366 Day Photo Project: A Retrospective in Pictures

Just over a year ago, a friend suggested she wanted a project, and so decided to embark on a 365 day photo project: a plan to take at least one photo every day. I agreed to join her, and then added an extra. I would post each photo on a Tumblr account, the premise being that this would make me accountable and therefore force me to finish the project. On Tuesday, I took the final photo.

The project started well enough, and even had moments of what might be regarded as “actual photography”. By far the best days were the ones where I dusted-off the slightly neglected Nikon and went out on a mission to get some photos.

But processing photos in Aperture on a daily basis isn’t something I had planned for. Fortunately, another Apple product came to the rescue in the form of my phone and the accompanying Tumblr app. This, I had reasoned, would make life much easier – a few taps and my daily masterpiece (or whichever term you prefer for “Another Photo of a Lamp”) would be done and online. A daily reminder, set for the sensible time of 7pm, would mean no excuses.

As ever, this didn’t quite work out. Reminders are easy to forget, and even easier to ignore. Many photos were taken at 11pm, hence the surfeit of lamp, table and “texture” photos with suspicious time stamps.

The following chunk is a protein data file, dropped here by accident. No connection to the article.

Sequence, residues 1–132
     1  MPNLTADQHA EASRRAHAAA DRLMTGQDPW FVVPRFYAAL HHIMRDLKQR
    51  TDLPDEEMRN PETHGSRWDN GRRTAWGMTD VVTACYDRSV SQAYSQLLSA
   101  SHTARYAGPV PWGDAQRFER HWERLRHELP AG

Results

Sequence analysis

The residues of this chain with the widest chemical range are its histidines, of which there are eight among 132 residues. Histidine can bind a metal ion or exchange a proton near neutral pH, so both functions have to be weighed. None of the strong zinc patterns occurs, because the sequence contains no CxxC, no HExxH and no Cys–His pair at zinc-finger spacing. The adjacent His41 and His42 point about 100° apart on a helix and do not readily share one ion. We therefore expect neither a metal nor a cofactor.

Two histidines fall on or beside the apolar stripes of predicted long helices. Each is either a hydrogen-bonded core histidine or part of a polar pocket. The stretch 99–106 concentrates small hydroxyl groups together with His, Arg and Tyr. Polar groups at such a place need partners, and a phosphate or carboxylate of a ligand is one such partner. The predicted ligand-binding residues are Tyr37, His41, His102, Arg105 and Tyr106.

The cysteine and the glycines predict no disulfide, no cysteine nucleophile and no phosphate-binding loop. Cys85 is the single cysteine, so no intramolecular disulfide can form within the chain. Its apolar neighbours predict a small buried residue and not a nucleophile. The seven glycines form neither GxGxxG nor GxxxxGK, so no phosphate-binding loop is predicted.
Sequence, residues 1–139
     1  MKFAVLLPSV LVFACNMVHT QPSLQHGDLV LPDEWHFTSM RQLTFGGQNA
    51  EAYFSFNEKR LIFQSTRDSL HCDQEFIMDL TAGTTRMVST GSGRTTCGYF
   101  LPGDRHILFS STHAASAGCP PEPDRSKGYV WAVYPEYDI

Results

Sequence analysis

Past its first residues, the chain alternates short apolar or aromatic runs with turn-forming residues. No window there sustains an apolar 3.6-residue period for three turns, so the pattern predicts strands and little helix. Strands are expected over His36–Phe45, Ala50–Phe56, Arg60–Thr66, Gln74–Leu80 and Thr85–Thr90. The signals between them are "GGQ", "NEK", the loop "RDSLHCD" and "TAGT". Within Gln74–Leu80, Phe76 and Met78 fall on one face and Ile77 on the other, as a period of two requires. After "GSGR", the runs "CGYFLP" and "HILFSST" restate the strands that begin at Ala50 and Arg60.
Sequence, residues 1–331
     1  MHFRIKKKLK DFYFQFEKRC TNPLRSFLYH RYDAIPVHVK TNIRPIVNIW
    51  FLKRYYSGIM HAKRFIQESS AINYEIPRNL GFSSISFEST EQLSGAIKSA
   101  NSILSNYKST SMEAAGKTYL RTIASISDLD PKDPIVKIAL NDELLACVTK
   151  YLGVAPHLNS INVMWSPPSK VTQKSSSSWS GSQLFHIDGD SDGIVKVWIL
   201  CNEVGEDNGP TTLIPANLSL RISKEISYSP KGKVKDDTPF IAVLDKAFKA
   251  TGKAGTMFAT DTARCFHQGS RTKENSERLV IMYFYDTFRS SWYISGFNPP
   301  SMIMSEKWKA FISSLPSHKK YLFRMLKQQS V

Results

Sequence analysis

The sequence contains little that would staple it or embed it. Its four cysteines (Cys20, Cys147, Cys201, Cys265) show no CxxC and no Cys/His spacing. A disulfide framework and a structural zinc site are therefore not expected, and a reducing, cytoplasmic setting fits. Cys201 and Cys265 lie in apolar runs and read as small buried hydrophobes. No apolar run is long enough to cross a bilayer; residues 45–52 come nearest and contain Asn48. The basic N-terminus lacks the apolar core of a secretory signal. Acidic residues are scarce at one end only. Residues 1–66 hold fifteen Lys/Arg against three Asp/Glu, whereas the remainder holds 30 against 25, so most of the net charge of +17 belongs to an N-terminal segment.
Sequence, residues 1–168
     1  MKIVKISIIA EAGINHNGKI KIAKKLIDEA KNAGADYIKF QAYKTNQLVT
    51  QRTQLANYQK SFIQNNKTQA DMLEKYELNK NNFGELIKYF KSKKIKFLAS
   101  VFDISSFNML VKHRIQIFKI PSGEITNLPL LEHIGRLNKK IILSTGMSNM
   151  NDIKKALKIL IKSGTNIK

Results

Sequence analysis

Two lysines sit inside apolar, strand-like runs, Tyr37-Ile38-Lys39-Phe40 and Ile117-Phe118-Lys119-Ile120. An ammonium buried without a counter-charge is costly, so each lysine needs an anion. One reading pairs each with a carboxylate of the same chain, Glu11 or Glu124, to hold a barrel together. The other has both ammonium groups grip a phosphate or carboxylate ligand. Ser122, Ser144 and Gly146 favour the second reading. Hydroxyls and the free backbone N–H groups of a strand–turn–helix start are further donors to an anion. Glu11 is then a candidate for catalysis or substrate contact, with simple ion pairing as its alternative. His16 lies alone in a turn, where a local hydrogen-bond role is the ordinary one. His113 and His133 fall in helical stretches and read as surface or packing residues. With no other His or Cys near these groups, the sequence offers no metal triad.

Amongst the strange pictures of random objects scattered around my room, are there shots I am happy with? Yes. Almost exclusively these were taken with my actual camera rather than my phone, and a few of them even made it onto my Flickr account.

But was it worth it, and would I recommend it? Hard to say. I’m pleased I got to day 366 (an extra day due to the leap year). Despite this, I’m very glad the project is over. The main lesson was that photography takes time, and can’t be done in the same way you might happen to do the washing up on a daily basis. It needs precision, practice and patience. An 11pm dash every night for a year will never make you a better photographer, just as running to catch the bus everyday probably won’t mean you can compete in a marathon.

If you decide to do the project, don’t resort to your phone, and make sure you have the time. You don’t have to post the results to the Internet, so save the time for taking the photo itself. I honestly believe a photo a week (or even a photo a month) would be more satisfying. The project adds “another thing to do”, and it can feel like a chore getting in the way of long term side projects. It can be great fun if you spend time on it, but as always in life, it shouldn’t be rushed for the sake of it. I won’t be doing the project again – at least not in a hurry. But I took away many lessons, and the odd photo. So that’s certainly something to be happy with.

NB: For some reason day 366 was posted on July 3rd 2012, but day 1 was July 1st 2011. I’m not quite sure what happened here, but suspect I accidentally counted a few days twice when uploading to Tumblr.